Indonesian fans mourn passing of 'The Iceman'
Indonesian cage fans fell in love with Bobby Parks during his short stint with the Aspac Jakarta ballclub in the late nineties.

BOBBY Parks' death is being mourned even in Indonesia.

Indonesian fans who fell in love with the humble, soft-spoken import during his short stint with the Aspac Jakarta ballclub in the late nineties have taken to Twitter to express their sadness after Parks died of lung cancer on Wednesday afternoon.

Following his stint in the PBA where he won an unprecedented seven best import awards, Parks suited up for Aspac Jakarta in the old Kobatama League, considered the premier basketball league in Indonesia at the time.

Now called Dell Aspac Jakarta, the team is currently seeing action in Indonesia’s National Basketball League.

In an interview with, Aspac team owner Irawan Haryono mourned the death of his former import.

“Bobby is part of our family,” Haryono said.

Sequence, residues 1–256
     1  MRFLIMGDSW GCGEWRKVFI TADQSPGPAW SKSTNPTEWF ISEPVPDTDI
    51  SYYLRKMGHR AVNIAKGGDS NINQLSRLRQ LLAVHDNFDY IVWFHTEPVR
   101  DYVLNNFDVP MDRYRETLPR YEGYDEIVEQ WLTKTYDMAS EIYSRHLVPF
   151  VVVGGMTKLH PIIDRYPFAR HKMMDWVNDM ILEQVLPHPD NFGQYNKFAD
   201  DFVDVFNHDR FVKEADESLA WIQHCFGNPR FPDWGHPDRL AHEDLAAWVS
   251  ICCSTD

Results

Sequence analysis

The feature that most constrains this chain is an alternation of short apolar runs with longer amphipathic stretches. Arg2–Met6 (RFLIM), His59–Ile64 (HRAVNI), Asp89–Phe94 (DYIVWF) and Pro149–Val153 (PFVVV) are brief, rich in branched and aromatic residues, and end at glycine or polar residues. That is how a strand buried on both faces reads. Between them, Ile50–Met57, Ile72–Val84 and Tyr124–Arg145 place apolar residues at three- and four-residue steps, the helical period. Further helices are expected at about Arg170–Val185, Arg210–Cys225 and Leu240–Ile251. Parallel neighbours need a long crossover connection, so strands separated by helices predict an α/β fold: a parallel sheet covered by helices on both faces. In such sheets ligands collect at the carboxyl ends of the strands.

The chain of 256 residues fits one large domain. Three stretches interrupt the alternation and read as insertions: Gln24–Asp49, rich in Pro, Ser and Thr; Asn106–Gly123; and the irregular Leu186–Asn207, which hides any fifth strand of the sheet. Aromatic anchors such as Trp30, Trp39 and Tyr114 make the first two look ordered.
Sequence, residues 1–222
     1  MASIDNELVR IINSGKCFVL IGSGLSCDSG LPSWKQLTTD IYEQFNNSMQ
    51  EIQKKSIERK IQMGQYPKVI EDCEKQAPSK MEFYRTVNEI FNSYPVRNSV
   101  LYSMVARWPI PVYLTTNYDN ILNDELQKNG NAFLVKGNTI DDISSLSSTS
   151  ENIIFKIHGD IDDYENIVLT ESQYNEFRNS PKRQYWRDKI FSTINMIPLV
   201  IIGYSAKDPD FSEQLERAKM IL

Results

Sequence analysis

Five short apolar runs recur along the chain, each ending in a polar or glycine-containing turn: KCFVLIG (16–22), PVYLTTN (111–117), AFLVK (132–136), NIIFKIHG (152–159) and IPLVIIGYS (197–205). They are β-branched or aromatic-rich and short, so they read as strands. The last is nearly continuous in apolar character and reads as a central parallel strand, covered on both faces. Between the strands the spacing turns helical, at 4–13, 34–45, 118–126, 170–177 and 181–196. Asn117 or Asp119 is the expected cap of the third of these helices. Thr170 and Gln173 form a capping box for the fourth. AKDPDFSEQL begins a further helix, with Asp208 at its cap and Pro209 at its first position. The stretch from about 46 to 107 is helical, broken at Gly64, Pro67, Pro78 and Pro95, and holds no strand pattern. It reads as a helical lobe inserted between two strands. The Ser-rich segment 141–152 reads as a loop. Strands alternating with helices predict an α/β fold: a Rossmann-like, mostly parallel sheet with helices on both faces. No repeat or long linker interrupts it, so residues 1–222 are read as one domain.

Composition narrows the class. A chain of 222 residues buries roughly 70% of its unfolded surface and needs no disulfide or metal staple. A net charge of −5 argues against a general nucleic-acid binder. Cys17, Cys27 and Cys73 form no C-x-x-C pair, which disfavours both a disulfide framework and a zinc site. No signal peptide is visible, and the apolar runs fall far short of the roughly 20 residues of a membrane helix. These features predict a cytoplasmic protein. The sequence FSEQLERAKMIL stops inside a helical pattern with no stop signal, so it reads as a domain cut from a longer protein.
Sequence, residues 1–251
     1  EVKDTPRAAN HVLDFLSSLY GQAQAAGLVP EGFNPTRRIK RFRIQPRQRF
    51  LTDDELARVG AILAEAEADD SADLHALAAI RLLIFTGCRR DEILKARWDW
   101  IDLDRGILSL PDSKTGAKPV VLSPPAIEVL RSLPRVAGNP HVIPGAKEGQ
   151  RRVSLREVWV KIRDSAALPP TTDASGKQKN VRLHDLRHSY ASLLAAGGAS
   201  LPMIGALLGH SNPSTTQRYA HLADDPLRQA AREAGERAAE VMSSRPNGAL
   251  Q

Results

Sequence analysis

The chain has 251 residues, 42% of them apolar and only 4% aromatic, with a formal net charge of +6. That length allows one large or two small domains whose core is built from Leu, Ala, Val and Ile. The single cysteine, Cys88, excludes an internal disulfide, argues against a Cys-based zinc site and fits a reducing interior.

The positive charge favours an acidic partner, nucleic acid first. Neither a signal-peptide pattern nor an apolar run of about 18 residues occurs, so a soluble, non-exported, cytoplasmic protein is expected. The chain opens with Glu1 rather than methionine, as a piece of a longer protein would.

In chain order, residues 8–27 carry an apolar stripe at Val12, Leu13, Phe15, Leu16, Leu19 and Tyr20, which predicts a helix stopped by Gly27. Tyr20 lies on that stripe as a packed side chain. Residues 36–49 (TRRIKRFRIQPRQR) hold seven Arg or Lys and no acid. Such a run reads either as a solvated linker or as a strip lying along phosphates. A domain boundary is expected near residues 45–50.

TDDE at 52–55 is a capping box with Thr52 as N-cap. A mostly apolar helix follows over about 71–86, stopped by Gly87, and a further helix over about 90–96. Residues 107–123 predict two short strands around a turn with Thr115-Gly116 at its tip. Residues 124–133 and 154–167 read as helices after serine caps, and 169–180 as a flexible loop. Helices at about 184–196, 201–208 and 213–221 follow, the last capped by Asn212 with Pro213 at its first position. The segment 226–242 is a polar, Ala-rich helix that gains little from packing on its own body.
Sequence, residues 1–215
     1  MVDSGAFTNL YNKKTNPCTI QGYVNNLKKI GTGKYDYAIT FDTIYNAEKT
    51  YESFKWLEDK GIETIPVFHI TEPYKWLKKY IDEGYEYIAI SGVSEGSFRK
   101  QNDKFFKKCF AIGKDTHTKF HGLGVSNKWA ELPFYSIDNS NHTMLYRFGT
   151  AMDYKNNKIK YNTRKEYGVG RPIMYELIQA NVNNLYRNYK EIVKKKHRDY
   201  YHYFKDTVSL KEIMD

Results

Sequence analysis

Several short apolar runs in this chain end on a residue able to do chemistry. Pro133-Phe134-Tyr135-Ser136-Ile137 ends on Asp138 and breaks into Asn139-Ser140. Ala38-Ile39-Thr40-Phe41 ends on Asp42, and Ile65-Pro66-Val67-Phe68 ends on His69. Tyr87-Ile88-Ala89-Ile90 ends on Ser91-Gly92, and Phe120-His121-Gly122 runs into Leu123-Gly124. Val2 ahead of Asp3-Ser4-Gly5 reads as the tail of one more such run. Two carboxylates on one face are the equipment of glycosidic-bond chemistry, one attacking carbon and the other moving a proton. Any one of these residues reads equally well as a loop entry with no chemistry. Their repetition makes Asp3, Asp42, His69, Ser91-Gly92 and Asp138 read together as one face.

Park’s stint in Indonesia was an eventful one as he even suited up as import for the Indonesian club teams in the Seba tournament and Asian Basketball Confederation (now Fiba-Asia) Champions Cup.

Indonesia Basketball Association secretary general Agus Mauro tweeted that Parks was called 'The Ice Man' or 'Uncle Bob' in their home country during the time when he was playing for Aspac Jakarta.

Mauro also tweeted that Parks had such a good relationship with the Aspac team owner that the player eventually named her daughter after Haryono.

“Bobby Parks daughter was named ‘Ira’ as his tribute to Aspac Boss, Irawan Haryono #RIPBobbyParks  @DELL_ASPAC,” Mauro tweeted.

Incidentally, Parks faced the Indonesia Warriors in the Asean Basketball League (ABL) finals when he coached the San Miguel Beermen last season. The Warriors won the crown in three games.

ABL chief executive officer Anthony Macri said the league is also mourning the loss of the former Beermen coach.

"The ABL is deeply saddened by the the passing of Bobby Parks, Sr. this afternoon. Our deepest condolences go out to the Parks family,” the ABL said in a statement through its Twitter account @ABLNews.

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